My Practice Areas

Family Law

In order to get a divorce in Virginia, you must prove that you meet certain statutory requirements. These requirements fall into no-fault and fault grounds. “No-fault” means being separated for a certain amount of time, which varies depending on your situation. Fault grounds include adultery, abandonment, and abuse.
All decisions by a judge regarding child custody and visitation are based on the best interests of the child. Although the law spells out specific factors a judge must consider in making a best interests determination, it also permits the judge to evaluate any other relevant evidence that does not fall under those factors. It is my job as your attorney to evaluate your strengths as a parent and provider to present the possible case to the court as to why it is in your child’s best interests to be in your custody.
The starting point for calculating child support are the statutory guidelines in the Virginia Code. These guidelines take into account the parties’ incomes, health insurance and day care expenses, and how many children the payor is financially responsible for. It may be possible to deviate from the statutory guideline amount if your child has special needs, your financial situation is unique, or if there are other exceptional circumstances.
In order to receive spousal support, a party must prove that they have a need for the support and that the opposing party has the ability to pay it. Generally speaking, individuals who were married for less than ten years will not receive spousal support. The most difficult part of obtaining spousal support can be proving the payor’s income. This is where I can help you: getting evidence from the other side.
A judge will divide a couple’s marital property evenly unless the parties can convince him this would not be fair. Division of property can be very complicated, as there are many elements to prove: separate vs. marital property, contributions to the marriage, appreciation in value, and waste, to name a few. I can analyze your situation and give you a realistic assessment of what you can expect to receive as part of the division of property.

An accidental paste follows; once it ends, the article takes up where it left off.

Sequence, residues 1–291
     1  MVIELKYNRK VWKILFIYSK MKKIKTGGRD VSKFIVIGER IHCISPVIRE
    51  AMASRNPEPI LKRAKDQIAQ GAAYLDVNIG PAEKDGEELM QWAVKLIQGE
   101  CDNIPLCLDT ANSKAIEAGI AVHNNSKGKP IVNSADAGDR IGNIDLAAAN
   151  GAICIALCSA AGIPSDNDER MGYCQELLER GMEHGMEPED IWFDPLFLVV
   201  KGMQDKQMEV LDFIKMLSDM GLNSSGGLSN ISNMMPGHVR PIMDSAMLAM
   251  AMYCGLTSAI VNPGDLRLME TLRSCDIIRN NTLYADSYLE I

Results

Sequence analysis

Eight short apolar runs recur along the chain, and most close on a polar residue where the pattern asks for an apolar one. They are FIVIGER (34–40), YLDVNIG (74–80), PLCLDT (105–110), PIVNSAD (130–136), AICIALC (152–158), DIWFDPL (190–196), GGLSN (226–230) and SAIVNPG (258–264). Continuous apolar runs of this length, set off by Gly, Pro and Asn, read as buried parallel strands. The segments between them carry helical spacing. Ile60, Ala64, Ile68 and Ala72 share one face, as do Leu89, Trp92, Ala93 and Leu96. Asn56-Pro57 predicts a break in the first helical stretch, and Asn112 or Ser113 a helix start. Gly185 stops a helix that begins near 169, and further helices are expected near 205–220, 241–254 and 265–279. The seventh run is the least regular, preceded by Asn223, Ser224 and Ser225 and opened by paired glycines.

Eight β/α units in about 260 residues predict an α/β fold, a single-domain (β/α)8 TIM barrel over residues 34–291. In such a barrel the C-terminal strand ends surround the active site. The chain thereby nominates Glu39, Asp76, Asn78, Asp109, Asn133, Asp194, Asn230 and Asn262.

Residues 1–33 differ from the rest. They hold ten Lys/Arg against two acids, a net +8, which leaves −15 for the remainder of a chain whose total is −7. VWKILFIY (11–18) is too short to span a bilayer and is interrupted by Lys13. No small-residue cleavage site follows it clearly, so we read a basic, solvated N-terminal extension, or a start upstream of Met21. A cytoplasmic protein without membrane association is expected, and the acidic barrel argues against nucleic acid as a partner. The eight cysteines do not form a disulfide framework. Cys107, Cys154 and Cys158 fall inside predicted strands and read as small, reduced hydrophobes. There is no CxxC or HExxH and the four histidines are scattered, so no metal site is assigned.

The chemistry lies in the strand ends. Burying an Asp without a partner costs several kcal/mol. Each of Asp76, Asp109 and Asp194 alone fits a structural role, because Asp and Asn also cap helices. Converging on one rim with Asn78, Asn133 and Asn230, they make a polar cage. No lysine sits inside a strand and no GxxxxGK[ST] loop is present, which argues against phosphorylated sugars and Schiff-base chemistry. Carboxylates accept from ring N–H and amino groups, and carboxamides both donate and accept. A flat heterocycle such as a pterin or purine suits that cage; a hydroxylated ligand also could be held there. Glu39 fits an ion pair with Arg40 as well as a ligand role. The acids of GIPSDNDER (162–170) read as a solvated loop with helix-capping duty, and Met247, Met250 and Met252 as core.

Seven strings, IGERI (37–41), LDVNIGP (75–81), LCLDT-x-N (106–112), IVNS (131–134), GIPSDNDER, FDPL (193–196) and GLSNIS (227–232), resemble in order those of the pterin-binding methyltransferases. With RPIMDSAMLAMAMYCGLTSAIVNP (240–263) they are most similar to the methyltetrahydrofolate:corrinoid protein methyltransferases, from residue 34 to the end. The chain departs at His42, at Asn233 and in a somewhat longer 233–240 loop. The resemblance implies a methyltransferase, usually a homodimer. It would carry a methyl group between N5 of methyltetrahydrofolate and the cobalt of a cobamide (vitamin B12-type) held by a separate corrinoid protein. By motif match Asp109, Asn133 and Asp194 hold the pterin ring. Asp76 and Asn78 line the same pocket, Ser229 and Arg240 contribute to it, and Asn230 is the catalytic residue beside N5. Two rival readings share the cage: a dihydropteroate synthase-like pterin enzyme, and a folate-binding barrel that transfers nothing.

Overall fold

Estate Planning and Administration

Estate planning is important because it tells your family and friends what you want done in the event of your death or incapacity. A well thought out and written plan gives clear instructions for medical treatment, paying your bills, and distributing property in the event of your incapacity or death. It can save your estate a lot of money and it can relieve some of the stress your family will be going through. An estate plan can also prevent ugly and unfortunate disputes between family members about property. I assist you by determining what your goals and wishes are, what the most cost-effective plan for your situation is, and drafting the necessary documents.
When an individual dies, whether they have a will or not, their property and debts must be dealt with. Regardless of how small or large a decedent’s estate is, there are certain formalities that must be followed in order to properly administer their estate. I can help you figure out what needs to be done to properly administer the estate and assist in preparing and filing the required paperwork.


Naturalization is the process of becoming a U.S. citizen. You must first be a Legal Permanent Resident in order to apply for U.S. citizenship.
As a Legal Permanent Resident, you have the right to live and work in the U.S. indefinitely, as long as you maintain your status as a Legal Permanent Resident. There are many ways to obtain Legal Permanent Resident status, such as through your family, employment, or other special circumstances.


10627 Jones Street, Suite 201-B Fairfax, Virginia 22030

(571) 418-1985